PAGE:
Kimberly D. Bose, Secretary 

Federal Energy Regulatory Commission 

888 First Street NE, Room 1A 

Washington, DC 20426 

Re:  Commonwealth Energy Connector and Virginia Reliability Project under number CP22-502-000 and CP22-503-000

On behalf of the Chesapeake Climate Action Network (CCAN) and our undersigned members, we would like to express our dissatisfaction with the Commission’s finding of no significant impact as it relates to Columbia Gas’s Virginia Reliability Project (VRP) and Transcontental’s Commonwealth Energy Connector (CEC) and as described in the draft Environmental Impact Statement.

Particularly, we are disappointed with the level of analysis applied to climate impacts and urge the Commission to issue a determination of significance and analyze compatibility of the projects with Virginia’s statutory commitment to reducing emissions on a year-by-year basis. We also find the analysis regarding impacts on environmental justice communities to be insufficient, and find the dEIS to overly rely on TC Energy’s own statements about the extent of their engagement with environmental justice communities.

Climate analysis, compatibility with state law

The dEIS notes that VRP or CEC would independently increase Virginia’s emissions by about 2%. This is plainly incompatible with Virginia law, which requires the state to reduce emissions on a year-by-year basis until achieving net zero in 2045. The dEIS makes note of this discrepancy but does not issue a finding regarding whether the proposed project is compatible with existing state policy.

Given this context, CCAN does not agree with the the Commission’s statement: “Detailed evaluation of other energy alternatives like the use of wind and solar power or increased energy efficiency are separate questions from evaluating alternatives that meet the defined purpose and need for each of the Projects.” In a state where law mandates a reduction in emissions over the lifetime of the proposed project, an analysis of alternatives should include carbon-free energy sources. Virginia’s statutory obligation to reduce emissions could result in the project being abandoned, or its lifetime significantly shortened. This would mean that VRP and CEC do not accomplish their stated mission, and carbon-free alternatives compatible with state code would be better suited to do so.

The Commission also states that the VR{‘s infrastructure may be impacted by climate change, particularly in numerous historic floodplains and hurricane hazard zones. However, the Commission merely states that “flooding is not expected to adversely impact these facilities” without providing evidence to support this claim other than TC Energy’s intention to bury replacement pipeline “deep enough” to avoid flood impacts. FERC should conduct a more thorough review of the potential for climate impacts to endanger VRP infrastructure and therefore pose a significant threat to local communities, wildlife, and ecosystems.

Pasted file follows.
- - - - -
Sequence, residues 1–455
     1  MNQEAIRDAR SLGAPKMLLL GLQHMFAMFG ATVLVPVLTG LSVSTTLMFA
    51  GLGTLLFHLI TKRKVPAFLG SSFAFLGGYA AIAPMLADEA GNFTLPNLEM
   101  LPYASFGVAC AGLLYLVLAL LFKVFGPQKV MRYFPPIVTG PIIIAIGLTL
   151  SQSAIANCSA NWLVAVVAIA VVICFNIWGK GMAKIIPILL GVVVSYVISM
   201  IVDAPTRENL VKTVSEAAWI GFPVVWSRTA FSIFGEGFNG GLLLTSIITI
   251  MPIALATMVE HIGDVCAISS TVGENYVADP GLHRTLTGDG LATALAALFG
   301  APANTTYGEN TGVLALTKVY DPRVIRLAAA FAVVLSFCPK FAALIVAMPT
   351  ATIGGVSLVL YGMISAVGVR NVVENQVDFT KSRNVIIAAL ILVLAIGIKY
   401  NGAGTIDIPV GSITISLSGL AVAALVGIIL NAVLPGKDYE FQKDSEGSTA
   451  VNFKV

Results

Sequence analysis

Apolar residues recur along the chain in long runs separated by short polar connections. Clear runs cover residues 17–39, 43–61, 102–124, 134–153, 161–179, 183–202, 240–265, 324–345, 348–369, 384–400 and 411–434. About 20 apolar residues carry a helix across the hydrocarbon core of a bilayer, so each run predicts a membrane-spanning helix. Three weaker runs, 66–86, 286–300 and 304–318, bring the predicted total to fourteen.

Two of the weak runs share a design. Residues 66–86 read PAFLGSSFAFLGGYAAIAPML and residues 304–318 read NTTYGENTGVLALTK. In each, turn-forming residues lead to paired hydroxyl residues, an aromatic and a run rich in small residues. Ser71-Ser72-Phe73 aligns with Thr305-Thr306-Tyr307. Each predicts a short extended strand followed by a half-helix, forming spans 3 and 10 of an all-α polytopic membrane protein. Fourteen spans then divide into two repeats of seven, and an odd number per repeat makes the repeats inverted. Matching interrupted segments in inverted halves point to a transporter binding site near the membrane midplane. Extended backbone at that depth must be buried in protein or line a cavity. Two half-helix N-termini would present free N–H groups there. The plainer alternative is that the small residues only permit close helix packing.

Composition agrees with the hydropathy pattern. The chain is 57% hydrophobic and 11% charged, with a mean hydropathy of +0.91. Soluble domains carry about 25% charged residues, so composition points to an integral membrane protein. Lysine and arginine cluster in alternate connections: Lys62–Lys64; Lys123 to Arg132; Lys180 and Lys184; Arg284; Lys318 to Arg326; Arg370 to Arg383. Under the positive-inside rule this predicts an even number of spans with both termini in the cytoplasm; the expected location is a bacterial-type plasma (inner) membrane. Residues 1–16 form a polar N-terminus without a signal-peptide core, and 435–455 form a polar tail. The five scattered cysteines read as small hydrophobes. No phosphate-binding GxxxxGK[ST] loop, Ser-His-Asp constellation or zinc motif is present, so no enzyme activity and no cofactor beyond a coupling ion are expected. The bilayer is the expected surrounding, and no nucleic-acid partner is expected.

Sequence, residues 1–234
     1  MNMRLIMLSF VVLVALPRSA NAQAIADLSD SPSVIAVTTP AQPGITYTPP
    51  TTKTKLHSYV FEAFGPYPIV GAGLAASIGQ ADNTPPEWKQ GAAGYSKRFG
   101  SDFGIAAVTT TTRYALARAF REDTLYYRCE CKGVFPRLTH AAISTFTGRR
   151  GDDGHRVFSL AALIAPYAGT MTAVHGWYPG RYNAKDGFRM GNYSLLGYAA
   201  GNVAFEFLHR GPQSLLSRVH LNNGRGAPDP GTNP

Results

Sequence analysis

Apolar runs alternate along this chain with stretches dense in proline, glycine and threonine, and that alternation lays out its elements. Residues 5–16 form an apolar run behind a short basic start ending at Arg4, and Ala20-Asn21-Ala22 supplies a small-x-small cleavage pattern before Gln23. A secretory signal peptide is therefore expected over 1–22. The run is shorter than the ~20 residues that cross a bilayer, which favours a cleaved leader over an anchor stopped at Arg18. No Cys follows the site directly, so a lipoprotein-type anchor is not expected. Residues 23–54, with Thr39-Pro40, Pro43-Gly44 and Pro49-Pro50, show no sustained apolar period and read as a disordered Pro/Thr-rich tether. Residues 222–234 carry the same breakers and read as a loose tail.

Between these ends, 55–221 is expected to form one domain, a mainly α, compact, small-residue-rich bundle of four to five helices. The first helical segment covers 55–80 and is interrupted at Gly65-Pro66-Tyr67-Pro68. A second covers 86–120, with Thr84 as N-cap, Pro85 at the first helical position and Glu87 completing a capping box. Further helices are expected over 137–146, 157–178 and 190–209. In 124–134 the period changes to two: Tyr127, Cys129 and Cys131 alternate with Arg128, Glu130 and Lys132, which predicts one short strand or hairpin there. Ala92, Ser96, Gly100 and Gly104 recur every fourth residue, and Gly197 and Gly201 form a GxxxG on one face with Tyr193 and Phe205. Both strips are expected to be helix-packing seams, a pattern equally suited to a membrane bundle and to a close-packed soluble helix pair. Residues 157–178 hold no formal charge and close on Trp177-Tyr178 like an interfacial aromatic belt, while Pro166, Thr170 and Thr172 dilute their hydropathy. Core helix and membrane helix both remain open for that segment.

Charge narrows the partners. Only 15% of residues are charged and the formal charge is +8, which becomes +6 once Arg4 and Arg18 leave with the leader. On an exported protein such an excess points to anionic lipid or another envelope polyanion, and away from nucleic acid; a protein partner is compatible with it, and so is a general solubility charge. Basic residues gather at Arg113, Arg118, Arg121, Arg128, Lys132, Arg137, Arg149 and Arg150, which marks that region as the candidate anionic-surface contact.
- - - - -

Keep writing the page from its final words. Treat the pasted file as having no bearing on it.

Air quality analysis

The dEIS notes that NAAQ standards may be insufficient to confirm no significant impact on local air quality and therefore health consequences for environmental justice communities. If this is the case, NAAQ standards should not be used as a metric for analysis. The Commission relies on TC Energy’s air dispersion modeling for the Emporia and Petersburg compressor stations; the Commission should conduct their own modeling, rather than accept TC Energy’s at face value. The same is true for the AERMOD modeling analysis performed by Columbia for both compressor stations. 

This is especially necessary given the Commission’s finding that Significant Impact Limits will be exceeded at the Petersburg compressor station for NO2 and SO2, and because background concentration levels for the Petersburg station were measured at sites dozens of miles from the station.  

The Commission then acknowledges that localized harm from increased air pollution may occur, including in environmental justice communities, but concludes without providing further evidence that the "VRP is expected to have less than significant impact on local air quality." 

Environmental justice analysis

The dEIS also relies on TC Energy’s statement that they have “done outreach to environmental justice communities,” including by non-virtual methods, but does not produce any evidence to support this claim nor analysis as to whether the outreach, if it was conducted, was sufficient or significant. Specifically, there was no in-person open house conducted in Petersburg, where the compressor station replacement could have an impact on local air quality and where construction activities will certainly affect local residents. The dEIS notes that Petersburg falls under an environmental justice “block group.” More rigorous community engagement is needed there. 

Moreover, the dEIS ignores findings published in the Guardian that community leaders recruited to a Community Advisory Committee, purporting to thoroughly consider feedback from environmental justice communities, received financial contributions from TC Energy and its lobbying firm. This seems designed to produce a false narrative of environmental justice analysis and engagement with environmental justice communities.

CCAN has canvassed hundreds of residents of the Hillpoint Neighborhood in Suffolk, which includes Hillpoint Elementary 300 feet from the pipeline and well within the blast zone. The vast majority of the residents - over 90% - had never heard of the project.

CCAN and its undersigned members ask the Commission to reconsider its finding of no significant impact, include a determination of significance as it relates to perpetuance of climate change, and conduct a more rigorous environmental justice and local air quality impact analysis.



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